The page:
ADA (American Disability Act)
The Americans with Disabilities Act (ADA) makes it possible for disabled individuals to live a life of freedom and equality. Passed by Congress and signed into law by the President on July 26, 1990, the ADA is the first comprehensive declaration of equality for people with disabilities. This is a federal civil rights law that makes it illegal to discriminate against people with disabilities. This law applies to situations or locations including school, work and public places. ADA states that anyone with a disability is someone who experiences “physical or mental impairment which substantially limits one or more life activities.” Life activities can include speaking, hearing, seeing, learning, reading, concentrating, thinking, and/or communicating. ADA protects children with ADHD, learning disabilities and even food allergies.
The ADA also protects the civil rights of people with disabilities in all aspects of employment, the access of public services such as transportation, and guaranteed access to public accommodations such as restaurants, stores, hotels and other types of public locations.
How ADA works in the lives of individuals with disabilities
Because many of ADA’s objectives overlap with IDEA and 504, ADA can be used in conjunction with IDEA and 504. While IDEA and 504 offer more protection than ADA in a school setting, ADA helps with outside activities and camps not run by your school that your child may participate in. After school activities at school are covered under Section 504.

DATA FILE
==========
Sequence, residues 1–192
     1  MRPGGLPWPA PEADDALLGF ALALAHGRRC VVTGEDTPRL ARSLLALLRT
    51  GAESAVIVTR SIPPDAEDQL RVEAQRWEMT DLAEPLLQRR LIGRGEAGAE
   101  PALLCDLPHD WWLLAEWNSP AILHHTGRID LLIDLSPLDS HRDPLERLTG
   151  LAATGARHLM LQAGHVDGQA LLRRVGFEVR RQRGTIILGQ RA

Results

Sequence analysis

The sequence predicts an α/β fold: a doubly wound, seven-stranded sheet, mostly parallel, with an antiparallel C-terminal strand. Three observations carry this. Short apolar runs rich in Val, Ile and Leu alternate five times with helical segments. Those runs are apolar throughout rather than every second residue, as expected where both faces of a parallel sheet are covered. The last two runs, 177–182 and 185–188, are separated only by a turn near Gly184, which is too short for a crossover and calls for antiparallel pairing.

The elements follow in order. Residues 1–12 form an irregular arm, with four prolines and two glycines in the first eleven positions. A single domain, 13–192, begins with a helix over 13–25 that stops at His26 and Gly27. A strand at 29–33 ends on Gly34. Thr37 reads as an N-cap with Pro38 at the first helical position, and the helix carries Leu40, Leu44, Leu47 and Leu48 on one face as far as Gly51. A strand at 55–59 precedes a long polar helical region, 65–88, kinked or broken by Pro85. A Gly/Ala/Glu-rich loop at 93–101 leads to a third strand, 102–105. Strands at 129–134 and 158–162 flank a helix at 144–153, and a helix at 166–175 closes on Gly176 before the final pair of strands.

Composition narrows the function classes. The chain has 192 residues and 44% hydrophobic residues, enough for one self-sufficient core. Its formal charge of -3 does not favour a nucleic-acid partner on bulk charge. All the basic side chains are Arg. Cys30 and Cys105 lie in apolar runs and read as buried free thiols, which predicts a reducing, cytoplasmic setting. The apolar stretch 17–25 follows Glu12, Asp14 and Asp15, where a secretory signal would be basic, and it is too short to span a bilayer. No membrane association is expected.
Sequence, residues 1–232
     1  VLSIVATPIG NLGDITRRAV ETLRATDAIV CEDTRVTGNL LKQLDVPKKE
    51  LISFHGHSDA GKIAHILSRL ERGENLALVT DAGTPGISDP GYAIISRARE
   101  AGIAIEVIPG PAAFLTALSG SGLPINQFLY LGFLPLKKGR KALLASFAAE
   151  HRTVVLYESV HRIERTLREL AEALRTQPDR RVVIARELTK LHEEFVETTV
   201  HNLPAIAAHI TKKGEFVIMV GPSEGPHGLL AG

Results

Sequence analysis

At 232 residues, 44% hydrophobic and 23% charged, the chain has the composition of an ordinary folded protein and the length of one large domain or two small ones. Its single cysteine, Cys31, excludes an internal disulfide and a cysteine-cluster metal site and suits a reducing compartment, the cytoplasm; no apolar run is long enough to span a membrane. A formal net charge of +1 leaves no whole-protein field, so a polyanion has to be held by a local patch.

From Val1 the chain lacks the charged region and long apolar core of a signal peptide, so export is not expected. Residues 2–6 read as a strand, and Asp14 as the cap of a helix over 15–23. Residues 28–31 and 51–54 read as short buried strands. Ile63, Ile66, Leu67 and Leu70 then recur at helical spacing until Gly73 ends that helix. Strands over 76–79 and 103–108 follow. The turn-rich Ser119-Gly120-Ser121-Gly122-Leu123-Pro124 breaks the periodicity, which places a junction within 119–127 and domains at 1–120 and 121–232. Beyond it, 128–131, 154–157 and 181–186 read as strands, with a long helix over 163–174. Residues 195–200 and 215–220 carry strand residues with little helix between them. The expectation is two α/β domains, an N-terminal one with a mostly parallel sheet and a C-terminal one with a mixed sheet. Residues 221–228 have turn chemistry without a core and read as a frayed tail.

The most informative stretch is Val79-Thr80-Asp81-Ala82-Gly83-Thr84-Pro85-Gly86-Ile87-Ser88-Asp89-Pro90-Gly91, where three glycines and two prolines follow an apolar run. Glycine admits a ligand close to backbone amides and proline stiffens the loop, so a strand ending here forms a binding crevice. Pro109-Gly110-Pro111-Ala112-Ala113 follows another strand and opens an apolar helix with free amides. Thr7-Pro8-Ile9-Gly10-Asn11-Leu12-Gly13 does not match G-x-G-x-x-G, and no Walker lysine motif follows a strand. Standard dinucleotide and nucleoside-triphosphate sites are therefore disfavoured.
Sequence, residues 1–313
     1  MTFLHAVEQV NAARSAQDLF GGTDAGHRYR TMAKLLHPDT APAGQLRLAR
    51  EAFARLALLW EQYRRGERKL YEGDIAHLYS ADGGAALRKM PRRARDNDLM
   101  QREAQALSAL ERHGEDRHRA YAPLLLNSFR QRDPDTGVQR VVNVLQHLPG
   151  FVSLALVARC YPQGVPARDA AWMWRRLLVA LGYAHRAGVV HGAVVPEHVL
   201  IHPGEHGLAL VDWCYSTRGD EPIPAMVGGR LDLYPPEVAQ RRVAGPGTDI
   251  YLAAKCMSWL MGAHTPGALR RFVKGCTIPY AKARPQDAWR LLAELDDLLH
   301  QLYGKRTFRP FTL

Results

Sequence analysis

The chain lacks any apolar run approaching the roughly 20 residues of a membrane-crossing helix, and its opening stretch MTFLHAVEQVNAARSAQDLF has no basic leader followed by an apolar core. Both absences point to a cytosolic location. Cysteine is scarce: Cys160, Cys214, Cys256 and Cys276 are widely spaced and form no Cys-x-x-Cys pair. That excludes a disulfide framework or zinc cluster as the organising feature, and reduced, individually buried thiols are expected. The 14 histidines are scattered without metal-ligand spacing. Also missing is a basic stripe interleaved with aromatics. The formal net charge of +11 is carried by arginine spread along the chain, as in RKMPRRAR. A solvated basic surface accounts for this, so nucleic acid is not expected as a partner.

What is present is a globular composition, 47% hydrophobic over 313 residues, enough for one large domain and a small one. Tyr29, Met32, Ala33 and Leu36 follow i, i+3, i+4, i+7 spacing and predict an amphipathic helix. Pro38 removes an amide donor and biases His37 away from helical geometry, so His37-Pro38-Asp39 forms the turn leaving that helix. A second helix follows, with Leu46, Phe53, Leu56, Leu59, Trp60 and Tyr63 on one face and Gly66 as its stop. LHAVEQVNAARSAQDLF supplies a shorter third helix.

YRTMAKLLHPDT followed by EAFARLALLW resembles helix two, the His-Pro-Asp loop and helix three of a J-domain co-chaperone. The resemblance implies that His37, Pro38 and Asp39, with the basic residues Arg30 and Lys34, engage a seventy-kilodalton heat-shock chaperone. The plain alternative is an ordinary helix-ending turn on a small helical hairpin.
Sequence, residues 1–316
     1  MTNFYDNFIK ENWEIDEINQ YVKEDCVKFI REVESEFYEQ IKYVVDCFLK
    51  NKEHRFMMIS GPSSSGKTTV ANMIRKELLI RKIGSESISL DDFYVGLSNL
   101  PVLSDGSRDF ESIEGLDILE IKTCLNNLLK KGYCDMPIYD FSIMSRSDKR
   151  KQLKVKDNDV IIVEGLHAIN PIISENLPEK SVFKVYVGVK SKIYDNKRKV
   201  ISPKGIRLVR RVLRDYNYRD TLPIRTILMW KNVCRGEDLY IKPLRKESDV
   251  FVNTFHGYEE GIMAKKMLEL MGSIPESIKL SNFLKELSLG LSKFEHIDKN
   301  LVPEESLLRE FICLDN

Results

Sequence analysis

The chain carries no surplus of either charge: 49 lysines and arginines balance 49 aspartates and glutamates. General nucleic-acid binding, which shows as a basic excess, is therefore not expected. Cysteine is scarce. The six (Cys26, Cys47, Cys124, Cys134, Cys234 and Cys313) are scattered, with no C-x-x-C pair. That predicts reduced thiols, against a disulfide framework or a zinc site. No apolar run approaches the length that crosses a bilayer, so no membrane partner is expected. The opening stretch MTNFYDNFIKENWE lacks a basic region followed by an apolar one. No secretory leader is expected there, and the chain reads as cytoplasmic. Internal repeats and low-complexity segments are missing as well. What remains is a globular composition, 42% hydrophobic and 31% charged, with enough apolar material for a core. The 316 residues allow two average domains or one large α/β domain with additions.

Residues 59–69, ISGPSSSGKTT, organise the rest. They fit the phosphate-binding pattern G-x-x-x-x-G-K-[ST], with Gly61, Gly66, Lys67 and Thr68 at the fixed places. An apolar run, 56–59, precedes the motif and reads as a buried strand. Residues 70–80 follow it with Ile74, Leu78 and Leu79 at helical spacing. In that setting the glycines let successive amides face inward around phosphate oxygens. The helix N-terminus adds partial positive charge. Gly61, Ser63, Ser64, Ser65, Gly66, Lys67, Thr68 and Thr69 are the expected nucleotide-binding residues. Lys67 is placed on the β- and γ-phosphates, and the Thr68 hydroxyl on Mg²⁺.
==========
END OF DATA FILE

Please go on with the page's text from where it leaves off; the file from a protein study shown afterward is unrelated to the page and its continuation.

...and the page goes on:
ADA requires camps, Little Leagues, trade schools, and testing agencies (SAT/ACT) to provide “reasonable” accommodations to children with disabilities. Remember that “reasonable” is the key word. ADA is very important when your child grows up.
ADA states that people don’t have to disclose their learning issues to employers, as long as they don’t expect any extra help or assistance. Employers cannot discriminate against employees because of a physical or mental impairment. They cannot be fired, nor can they be turned down for a promotion or raise solely because of their condition. Employers also cannot ask employees about their condition. However, your child/employee must prove he/she is qualified for the job and have the skills and education necessary for that job. To receive reasonable accommodations, your child/employee must make a request for such accomodations in writing.
Employers may deny requests for reasonable accommodations if the request would cause an “undue hardship” upon the company. As with IDEA and 504, if you wish to file a complaint, there are resources to do this.
If you think your child’s rights were violated in school, you should write to the US Department of Education. If it is a workplace complaint, you should contact the Equal Employment Opportunity Commission (EEOC). If it is a complaint at a camp, club, or testing agency, you sould contact the U.S. Department of Justice.
Mor Resources about ADA: